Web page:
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[TowerTalk] Re: TowerTalk Digest, Vol 3, Issue 35

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Subject: [TowerTalk] Re: TowerTalk Digest, Vol 3, Issue 35
From: W1GOR@Maine.RR.Com (W1GOR)
Date: Thu Mar 20 17:06:23 2003
This is in reference to internally threaded aluminum products.   Some years
ago, when I owned my first second-hand Volkswagen Beetle, the engine had
aluminum cylinder heads.   Sometime during it's first ownership, someone had
over-tightened several spark plugs and damaged the internal threads in the
cylinder heads.  I thought I'd need to replace both heads at considerable
cost.   A mechanic told me about a simple device called a HELICOIL.

To prepare the damaged thread, a special oversized tap is used to clean out
the damaged aluminum and slightly enlarge the hole to accept the HELICOIL.
It's a stainless-steel spiral that screws into the prepared hole and
restores it to the original thread diameter and pitch.  HELICOILS are
available in most common thread sizes.  Matching oversize taps are also

Ever since learning of HELICOILS, I began installing them in NEW aluminum
castings, before they became damaged.   Adding a small amount of anti-seize
compound to the bolt threads will further ensure that the hardware can be
sufficiently tightened and then removed for maintenance in the future.

The most valuable advise that I can offer is to use a torque wrench when
fastening aluminum or magnesium components.   Considering the number of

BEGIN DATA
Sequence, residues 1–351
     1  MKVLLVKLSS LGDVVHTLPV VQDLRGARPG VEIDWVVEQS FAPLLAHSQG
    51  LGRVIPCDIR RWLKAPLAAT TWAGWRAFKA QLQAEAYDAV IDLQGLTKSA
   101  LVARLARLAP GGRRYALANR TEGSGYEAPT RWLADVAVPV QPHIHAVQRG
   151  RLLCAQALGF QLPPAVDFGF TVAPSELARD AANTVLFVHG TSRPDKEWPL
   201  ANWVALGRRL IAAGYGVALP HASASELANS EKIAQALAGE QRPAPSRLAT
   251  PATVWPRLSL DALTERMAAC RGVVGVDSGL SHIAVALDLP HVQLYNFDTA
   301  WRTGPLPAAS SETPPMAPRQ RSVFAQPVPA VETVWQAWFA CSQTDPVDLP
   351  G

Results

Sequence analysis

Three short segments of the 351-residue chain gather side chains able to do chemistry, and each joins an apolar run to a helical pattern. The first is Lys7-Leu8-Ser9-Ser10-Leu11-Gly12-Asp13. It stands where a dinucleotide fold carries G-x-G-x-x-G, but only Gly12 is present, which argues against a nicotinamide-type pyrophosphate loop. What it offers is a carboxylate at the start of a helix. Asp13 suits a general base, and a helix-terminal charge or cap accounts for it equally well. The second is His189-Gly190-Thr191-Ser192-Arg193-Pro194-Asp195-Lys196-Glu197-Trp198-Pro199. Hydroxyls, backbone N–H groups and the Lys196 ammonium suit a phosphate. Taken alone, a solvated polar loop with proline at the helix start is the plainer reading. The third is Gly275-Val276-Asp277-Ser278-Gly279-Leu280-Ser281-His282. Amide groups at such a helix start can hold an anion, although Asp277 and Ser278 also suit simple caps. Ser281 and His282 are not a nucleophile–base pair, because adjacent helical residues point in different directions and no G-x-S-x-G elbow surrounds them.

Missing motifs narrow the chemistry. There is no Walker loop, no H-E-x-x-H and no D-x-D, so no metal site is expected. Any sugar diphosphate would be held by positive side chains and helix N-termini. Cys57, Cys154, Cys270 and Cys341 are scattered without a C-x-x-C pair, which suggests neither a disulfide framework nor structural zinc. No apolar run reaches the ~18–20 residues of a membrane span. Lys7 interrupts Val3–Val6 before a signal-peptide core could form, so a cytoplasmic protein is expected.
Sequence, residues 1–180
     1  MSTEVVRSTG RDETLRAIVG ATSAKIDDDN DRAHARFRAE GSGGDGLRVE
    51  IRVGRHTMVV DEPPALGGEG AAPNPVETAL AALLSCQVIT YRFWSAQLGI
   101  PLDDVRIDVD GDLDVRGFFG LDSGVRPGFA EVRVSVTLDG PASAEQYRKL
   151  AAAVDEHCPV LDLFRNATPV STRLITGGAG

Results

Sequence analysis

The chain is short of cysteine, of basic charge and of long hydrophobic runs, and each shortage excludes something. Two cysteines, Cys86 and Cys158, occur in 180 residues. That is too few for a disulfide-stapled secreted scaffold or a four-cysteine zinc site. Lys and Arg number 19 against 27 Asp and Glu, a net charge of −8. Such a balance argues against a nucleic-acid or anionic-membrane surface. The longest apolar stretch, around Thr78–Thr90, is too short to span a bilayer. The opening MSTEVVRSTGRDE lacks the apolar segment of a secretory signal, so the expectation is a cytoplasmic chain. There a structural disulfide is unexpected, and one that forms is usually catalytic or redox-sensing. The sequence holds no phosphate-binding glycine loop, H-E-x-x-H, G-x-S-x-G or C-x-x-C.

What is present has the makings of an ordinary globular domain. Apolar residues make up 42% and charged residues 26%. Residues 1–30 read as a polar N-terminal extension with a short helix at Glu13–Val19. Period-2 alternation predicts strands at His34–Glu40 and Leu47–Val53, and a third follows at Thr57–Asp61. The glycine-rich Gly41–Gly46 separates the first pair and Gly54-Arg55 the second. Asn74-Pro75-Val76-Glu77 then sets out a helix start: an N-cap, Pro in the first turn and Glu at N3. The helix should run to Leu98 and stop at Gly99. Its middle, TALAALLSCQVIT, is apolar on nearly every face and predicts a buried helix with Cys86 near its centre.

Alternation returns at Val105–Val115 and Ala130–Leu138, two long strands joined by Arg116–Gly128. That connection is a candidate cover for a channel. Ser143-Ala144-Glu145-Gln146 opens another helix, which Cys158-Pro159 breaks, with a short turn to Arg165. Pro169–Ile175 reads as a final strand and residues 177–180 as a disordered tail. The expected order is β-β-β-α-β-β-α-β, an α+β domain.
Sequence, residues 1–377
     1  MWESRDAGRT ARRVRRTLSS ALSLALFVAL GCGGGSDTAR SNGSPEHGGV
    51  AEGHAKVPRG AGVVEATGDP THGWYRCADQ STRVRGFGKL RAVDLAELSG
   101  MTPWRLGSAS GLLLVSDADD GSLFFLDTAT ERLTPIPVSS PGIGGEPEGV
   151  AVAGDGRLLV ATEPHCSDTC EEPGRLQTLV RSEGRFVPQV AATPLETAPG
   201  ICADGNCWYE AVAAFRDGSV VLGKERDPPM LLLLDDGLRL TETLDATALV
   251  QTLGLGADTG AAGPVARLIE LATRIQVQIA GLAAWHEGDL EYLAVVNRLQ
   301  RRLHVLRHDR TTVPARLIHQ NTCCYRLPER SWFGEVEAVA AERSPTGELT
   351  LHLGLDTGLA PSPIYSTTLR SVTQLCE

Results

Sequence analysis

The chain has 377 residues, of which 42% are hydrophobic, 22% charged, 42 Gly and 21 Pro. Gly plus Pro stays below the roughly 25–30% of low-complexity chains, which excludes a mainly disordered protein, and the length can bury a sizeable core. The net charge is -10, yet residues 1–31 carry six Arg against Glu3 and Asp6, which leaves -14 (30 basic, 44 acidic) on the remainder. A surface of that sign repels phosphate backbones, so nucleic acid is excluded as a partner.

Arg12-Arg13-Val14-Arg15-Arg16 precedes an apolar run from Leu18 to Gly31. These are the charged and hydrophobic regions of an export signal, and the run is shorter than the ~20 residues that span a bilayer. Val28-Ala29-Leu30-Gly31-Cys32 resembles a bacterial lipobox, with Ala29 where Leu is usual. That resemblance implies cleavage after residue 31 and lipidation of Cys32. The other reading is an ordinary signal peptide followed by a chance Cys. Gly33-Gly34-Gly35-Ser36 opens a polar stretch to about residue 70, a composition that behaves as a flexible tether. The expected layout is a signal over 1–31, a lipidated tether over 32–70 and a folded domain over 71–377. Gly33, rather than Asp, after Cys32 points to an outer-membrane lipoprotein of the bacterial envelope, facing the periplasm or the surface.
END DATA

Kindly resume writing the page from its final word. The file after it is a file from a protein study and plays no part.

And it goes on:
aluminum-encased rotors in use, I'd recommend that your local radio club
invest in an inexpensive torque wrench (Sears Craftsman) for use by it's
members.   Between HELICOILS and torque wrenches, you will save yourselves a
lot of aggravation and money for new rotor housings...

73, Larry - W1GOR

To: <>
> Date: Thu, 20 Mar 2003 08:47:53 -0800
> From: "Dave Hough, W7GK" <>
> To: "Michael Hatzakis, Jr" <>
> Cc:
> Subject: Re: [TowerTalk]   Yaesu vs. Hygain rotor
> Message-ID: <000b01c2ef00$7422ee80$43646464@host>
> References: <>
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> Reply-To: "Dave Hough, W7GK" <>
> Message: 3
> Have both a Yaesu 800 and a Ham IV. The 800 turns a Cushcraft X7 and a 11
el. 2 mtr beam atop a 60' tower while the Ham IV turns a rotatable mast with
a stacked 4 el. 6m beam, a 11 el. 2m beam and a 11 el. 440 beam. Both rotors
work great. One thing to be cautious about the Yaesu is the bolt holes that
attach the rotor to the base plate are drilled and tapped into cast
aluminum. Aluminum is soft and the bolts have a tendency to strip the
threads if the bolts are overtightened, on the other hand if you
undertighten, the bolts work loose and fall out.
> Wish Yaesu had put steel nuts on the inside of the rotor housing.
> ----- Original Message -----
> From: "Michael Hatzakis, Jr" <>
> To: "Paul Henning" <>
> Cc: "Contesting Lists" <>
> Sent: 19 March, 2003 14 31
> Subject: RE: [TowerTalk] Yaesu vs. Hygain rotor
> > thoughts about hygain HAM IV vs. Yaesu 800/1000 dxs?
> >
> > _______________________________________________
> >
> > See:  for "Self Supporting Towers", "Wireless
Weather Stations", and lot's more.  Call Toll Free, 1-800-333-9041 with any
questions and ask for Sherman, W2FLA.
> >
> > _______________________________________________
> > TowerTalk mailing list
> >
> >
> >
> >
> ------------------------------
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> End of TowerTalk Digest, Vol 3, Issue 35
> ****************************************

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